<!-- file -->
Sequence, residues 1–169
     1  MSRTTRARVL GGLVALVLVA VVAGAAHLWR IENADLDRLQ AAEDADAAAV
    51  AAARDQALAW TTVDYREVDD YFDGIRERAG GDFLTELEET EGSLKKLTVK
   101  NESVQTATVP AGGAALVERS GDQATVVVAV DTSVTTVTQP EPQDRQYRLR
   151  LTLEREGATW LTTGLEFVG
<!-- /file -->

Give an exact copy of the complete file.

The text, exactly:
Sequence, residues 1–169
     1  MSRTTRARVL GGLVALVLVA VVAGAAHLWR IENADLDRLQ AAEDADAAAV
    51  AAARDQALAW TTVDYREVDD YFDGIRERAG GDFLTELEET EGSLKKLTVK
   101  NESVQTATVP AGGAALVERS GDQATVVVAV DTSVTTVTQP EPQDRQYRLR
   151  LTLEREGATW LTTGLEFVG